•Transcultural nursing is the comparative study and understanding of cultures to identify specific and universal caring constructs across cultures.•One way to begin understanding cultural context is to consider the differences in how health, illness, and caring are viewed in Western cultures and non-Western cultures.•A classic example of the differences between Western cultures and non-Western cultures:•The biomedical orientation of Western cultures emphasizes scientific investigation. •Non-Western cultures emphasize a holistic conceptualization of health and illness.[Table 9-1 from text p. 104, Comparative Cultural Contexts of Health and Illness,discusses specific examples of Western and non-Western cultural healing and healers.]
[Examples of Cultural Healers and Modalities are taken from Table 9-2 on text p. 105. ] •Two distinct categories of healers cross-culturally are naturalistic practitioners and personalistic practitioners. •Naturalistic practitioners attribute illness to natural, impersonal, and biological forces that cause alteration in the equilibrium of the human body. •For naturalistic practitioners, healing emphasizes the use of naturalistic modalities, including herbs, chemicals, heat, cold, massage, and surgery. •Personalistic practitioners believe that an external agent, which can be human (i.e., sorcerer) or nonhuman (e.g., ghosts, evil, or deity), causes health and illness. •For personalistic practitioners, healing emphasizes the importance of humans’ relationships with others, both living and deceased, and with their deities. [Ask the class: Which of these two types of practitioners would be considered “Western”? Which might be considered “non-Western”? Discuss.][For this slide and the next, you might ask students if they have personal knowledge of any of the healers in the table to initiate further discussion.]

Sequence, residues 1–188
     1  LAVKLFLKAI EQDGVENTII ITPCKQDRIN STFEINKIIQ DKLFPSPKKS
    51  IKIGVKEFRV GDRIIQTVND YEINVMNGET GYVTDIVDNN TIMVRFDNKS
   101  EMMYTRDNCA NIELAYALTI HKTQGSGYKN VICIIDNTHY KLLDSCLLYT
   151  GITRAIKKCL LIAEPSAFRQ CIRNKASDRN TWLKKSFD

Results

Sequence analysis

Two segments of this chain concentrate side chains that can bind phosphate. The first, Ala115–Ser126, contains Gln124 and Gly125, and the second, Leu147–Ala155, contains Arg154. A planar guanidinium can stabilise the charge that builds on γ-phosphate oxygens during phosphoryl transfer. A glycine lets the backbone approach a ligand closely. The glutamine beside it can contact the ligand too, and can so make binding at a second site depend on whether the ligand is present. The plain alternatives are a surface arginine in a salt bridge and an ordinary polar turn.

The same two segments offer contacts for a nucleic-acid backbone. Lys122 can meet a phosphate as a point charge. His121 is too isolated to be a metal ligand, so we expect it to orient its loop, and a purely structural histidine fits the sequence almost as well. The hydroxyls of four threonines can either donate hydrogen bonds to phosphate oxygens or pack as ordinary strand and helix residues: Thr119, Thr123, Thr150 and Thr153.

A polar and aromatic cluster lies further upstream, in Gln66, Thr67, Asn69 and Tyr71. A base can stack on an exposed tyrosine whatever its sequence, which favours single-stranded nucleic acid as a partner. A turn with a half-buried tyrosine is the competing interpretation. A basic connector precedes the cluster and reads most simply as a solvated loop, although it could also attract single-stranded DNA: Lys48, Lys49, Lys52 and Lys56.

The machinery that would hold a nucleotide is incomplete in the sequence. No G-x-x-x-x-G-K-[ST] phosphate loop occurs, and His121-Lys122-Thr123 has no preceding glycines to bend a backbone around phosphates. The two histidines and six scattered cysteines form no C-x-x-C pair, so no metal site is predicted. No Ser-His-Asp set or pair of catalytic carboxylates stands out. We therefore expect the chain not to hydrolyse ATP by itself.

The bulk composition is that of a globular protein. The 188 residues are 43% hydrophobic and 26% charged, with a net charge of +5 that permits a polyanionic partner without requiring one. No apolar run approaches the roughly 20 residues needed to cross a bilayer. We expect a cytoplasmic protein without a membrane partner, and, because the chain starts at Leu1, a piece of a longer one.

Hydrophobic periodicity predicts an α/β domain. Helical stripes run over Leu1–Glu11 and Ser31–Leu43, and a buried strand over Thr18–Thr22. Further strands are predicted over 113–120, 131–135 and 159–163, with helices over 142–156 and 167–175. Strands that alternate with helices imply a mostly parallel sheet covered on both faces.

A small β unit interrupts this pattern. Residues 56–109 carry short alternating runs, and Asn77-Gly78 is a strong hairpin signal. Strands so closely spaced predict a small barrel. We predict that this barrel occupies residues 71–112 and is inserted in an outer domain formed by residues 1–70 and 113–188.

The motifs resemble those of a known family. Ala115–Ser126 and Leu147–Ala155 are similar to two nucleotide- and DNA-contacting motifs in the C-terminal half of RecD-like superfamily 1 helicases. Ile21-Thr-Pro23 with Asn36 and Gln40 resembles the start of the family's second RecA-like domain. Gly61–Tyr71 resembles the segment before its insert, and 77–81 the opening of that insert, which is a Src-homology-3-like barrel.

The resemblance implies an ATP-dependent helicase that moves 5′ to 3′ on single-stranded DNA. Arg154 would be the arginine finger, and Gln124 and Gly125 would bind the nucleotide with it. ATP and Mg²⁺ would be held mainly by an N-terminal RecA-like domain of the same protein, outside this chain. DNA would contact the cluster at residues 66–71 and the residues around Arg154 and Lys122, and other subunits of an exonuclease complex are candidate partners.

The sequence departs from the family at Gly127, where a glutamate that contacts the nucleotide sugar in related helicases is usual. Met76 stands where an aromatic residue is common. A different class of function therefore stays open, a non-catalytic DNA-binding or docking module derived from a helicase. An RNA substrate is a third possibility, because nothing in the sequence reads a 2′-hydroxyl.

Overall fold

[Examples of Healers are taken from Table 9-2 on text p. 105. As with the previous slide, you might ask students if they have personal knowledge of any of the healers in the table to initiate discussion.]
[The case study continues here. You might ask students what their thoughts and impressions are. Why might Mrs. Tao not follow Jenny’s suggestion to drink the ice water?]
•Cultures generally mark transitions to different phases of life by rituals that symbolize cultural values and meanings attached to these life passages. •Rites of passage are significant social markers of changes in a person’s life (Van Gennep, 1960).•Examining the practices surrounding these life events provides a view of the cultural meanings and expressions relevant to these transitions. •An example of a rite of passage is having a child. This rite of passage can be divided into four periods, as shown, each its own “rite of passage.”
•Examples of cultural practices for certain rites of passage: •Sending flowers and get-well greetings to a sick person is a ritual showing love and care for the patient in the dominant American culture in which privacy is valued. •In collectivistic groups such as the Hispanic culture, the physical presence of loved ones with the patient during illness demonstrates caring.•Cultures deal with significant life events in many different ways. •It is important for nurses to be aware of the cultural perspective of the patients they care for. •Nurses should consult the cultural assessment book used in the nursing program when caring for patients.[You might ask students if they can share their cultural experiences in these areas. Encourage students to participate by creating a safe environment for them to speak.]
[This information is taken from Box 9-1 on text p. 106: Evidence-Based Practice: Cultural Beliefs and Rituals Surrounding Death.]To provide culturally congruent care for patients who are preparing for death and for family members who are preparing for the death of a loved one, nurses need to:• Ask families about the rituals and ceremonies they use to help them cope with the death of a loved one.• Allow patients and families the ability to participate in planning which rituals will be performed at the patient’s bedside.